Homes located in neighborhoods with a high population of children and elderly residents, based on modeling by the University of Michigan-Flint;
Geographically dispersed locations across the city, to assure the greatest amount of information ― including age of construction of homes, age of city mains, and age of water in the mains ― can be gained.
Engineering teams have spent the past week notifying homeowners of the scheduled work, obtaining their concurrence, notifying MISS DIG and other agencies, coordinating water sampling of the homes (which will also be done before and after each pipe is replaced), and confirming the composition of the pipes, McDaniel said. Neighbors also are being notified, so they are aware they may see some changes in their water when the work is done, and they may need to run the water for a short period of time to flush the pipes.
“This is a complicated process. But we’re determined to get pipes replaced to 30 homes by March 31st, and to continue the work from there,” McDaniel said. “Fast Start is an ambitious initiative, but the residents and business owners in Flint deserve to know everything possible is being done to make their water free of lead.”
It’s important to note, not all pipe replacements in Flint will be part of the Fast Start initiative. Crews working for the U.S. Environmental Protection Agency, MDEQ and community groups may be replacing service lines as well. This is allowed, as long as the procedures set in place by the city are followed.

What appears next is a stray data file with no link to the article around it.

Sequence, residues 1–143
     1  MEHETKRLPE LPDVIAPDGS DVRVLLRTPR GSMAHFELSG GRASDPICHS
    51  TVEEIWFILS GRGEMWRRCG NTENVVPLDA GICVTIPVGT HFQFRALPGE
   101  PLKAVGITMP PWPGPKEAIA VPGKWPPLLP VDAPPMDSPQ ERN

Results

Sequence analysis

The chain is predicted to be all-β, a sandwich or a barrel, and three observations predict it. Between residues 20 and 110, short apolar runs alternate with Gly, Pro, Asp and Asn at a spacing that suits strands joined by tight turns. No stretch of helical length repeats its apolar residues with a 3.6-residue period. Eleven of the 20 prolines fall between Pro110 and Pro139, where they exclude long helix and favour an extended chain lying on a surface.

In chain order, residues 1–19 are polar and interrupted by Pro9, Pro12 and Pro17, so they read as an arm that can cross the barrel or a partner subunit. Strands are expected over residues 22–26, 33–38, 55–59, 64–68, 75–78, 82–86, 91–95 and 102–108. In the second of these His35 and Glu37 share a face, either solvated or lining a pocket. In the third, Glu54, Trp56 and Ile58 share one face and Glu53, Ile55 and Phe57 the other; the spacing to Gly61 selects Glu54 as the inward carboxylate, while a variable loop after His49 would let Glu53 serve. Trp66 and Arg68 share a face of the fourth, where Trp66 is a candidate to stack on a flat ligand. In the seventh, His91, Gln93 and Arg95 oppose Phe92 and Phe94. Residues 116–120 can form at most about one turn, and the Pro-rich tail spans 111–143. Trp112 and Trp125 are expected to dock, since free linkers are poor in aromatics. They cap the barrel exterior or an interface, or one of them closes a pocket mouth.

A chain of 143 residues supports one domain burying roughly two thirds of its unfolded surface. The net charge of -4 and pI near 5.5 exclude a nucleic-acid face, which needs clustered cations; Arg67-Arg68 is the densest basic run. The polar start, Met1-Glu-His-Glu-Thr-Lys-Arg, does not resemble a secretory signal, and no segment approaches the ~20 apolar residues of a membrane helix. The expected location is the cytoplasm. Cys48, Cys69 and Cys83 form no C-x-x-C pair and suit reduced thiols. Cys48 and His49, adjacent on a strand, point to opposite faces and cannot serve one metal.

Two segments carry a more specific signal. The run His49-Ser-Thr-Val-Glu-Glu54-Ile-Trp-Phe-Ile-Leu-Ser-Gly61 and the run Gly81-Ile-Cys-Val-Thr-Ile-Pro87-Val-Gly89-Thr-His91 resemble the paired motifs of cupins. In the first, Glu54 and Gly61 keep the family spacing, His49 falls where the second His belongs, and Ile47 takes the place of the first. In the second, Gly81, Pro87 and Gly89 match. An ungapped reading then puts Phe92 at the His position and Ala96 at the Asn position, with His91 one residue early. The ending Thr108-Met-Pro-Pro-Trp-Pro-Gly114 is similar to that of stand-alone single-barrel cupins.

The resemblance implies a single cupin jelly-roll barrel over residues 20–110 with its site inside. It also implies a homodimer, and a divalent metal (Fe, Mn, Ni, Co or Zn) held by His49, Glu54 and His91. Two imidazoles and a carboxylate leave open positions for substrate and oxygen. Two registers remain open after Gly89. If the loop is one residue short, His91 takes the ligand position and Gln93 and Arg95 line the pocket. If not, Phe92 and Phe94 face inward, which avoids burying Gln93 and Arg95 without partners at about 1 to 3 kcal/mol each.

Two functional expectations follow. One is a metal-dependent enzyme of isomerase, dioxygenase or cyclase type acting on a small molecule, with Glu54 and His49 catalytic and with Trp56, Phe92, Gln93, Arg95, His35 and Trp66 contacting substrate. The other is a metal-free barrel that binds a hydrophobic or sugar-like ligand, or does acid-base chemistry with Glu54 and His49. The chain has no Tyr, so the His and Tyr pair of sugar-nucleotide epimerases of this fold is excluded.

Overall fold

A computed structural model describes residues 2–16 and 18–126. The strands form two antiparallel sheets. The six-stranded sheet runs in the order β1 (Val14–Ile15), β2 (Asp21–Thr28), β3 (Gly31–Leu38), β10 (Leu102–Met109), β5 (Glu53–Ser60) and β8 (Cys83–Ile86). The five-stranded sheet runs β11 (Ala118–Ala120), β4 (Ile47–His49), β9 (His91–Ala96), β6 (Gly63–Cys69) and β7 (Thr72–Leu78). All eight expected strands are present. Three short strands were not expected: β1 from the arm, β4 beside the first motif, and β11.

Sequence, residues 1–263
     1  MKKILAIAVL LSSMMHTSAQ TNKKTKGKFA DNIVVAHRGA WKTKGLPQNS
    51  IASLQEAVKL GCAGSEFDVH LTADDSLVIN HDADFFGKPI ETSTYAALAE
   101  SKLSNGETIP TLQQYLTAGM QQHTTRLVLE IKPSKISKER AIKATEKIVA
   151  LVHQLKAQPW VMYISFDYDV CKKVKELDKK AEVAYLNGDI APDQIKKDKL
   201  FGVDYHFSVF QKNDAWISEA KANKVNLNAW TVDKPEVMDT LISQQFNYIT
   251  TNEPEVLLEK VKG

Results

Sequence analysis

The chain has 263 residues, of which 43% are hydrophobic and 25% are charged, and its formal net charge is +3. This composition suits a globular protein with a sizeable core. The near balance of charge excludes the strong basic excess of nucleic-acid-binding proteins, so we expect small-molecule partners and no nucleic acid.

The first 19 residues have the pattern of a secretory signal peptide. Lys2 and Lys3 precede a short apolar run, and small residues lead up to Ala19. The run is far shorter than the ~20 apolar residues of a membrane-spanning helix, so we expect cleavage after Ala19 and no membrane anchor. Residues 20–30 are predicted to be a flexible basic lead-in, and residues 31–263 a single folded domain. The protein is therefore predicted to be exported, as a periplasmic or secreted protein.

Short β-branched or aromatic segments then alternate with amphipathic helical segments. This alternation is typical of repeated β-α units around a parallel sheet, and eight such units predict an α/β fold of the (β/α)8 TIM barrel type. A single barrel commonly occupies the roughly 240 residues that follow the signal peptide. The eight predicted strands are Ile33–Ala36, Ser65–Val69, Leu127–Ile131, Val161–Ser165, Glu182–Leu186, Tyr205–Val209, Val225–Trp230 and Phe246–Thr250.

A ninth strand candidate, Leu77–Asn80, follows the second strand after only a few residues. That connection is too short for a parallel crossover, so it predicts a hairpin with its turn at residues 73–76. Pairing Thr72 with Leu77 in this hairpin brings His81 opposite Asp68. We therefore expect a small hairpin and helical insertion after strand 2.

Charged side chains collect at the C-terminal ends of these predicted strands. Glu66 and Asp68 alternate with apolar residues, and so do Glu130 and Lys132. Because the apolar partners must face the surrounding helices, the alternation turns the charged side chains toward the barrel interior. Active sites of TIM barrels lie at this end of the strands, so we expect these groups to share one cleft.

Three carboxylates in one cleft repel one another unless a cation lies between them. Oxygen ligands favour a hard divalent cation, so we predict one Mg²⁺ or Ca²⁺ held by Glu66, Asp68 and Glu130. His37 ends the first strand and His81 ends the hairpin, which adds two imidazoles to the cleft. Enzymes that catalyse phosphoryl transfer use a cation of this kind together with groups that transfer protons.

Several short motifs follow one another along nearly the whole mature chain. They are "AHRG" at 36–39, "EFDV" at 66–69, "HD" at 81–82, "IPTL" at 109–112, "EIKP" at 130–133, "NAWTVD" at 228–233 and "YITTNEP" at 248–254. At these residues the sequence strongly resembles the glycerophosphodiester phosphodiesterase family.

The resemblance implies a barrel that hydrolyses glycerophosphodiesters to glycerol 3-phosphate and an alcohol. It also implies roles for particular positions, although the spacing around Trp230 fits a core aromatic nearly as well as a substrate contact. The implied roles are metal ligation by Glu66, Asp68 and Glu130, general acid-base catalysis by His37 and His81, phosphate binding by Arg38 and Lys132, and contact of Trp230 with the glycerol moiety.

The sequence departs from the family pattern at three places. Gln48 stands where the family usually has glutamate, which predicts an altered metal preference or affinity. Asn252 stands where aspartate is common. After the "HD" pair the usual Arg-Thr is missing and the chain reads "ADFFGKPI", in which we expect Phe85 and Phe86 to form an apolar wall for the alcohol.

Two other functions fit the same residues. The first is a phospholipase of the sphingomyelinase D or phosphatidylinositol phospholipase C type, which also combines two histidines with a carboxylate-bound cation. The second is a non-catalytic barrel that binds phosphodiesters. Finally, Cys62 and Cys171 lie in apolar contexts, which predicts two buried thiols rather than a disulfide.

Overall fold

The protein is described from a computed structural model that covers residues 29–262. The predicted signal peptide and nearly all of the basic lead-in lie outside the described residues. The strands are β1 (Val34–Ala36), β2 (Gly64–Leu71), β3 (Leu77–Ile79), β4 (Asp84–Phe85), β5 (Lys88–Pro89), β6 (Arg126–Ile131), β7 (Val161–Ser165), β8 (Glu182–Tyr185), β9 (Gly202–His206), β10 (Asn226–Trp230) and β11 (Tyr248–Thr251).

On Thursday, Mayor Weaver called on the U.S. Congress and the Michigan Legislature to provide the funding necessary to fix Flint’s contaminated drinking water infrastructure and address the health needs of the children and families of Flint who must use bottled water every day for drinking, bathing and cooking because of the ongoing crisis.
A $220 million federal package has been put together by Michigan Reps. Debbie Stabenow and Gary Peters with senior Republican support. Flint is awaiting action by the Michigan Legislature on appropriation of $127 million for water infrastructure, health resources, children and family services, and economic renewal through supplemental budget bills that are still being debated.
For now, the Fast Start plan will continue using the $2 million reimbursement from the state (money the City spent to switch back to Detroit water). Mayor Weaver hopes the state and federal government will provide the additional funds needed to complete the project. Another option being considered, is to accept the help of a union owned asset manager, Union Labor Life Insurance Company (ULLICO), which pledged on March 6th to bring $25 million in low-cost loans to Flint to help remove the lead-tainted pipes. The loans could serve as a bridge source of capital until funding from the State of Michigan and federal government is secured. The ULLICO loans put into action a commitment made by labor and union pensions at the Clinton Global Initiative (CGI) to create a national fund to invest in infrastructure in cities across America.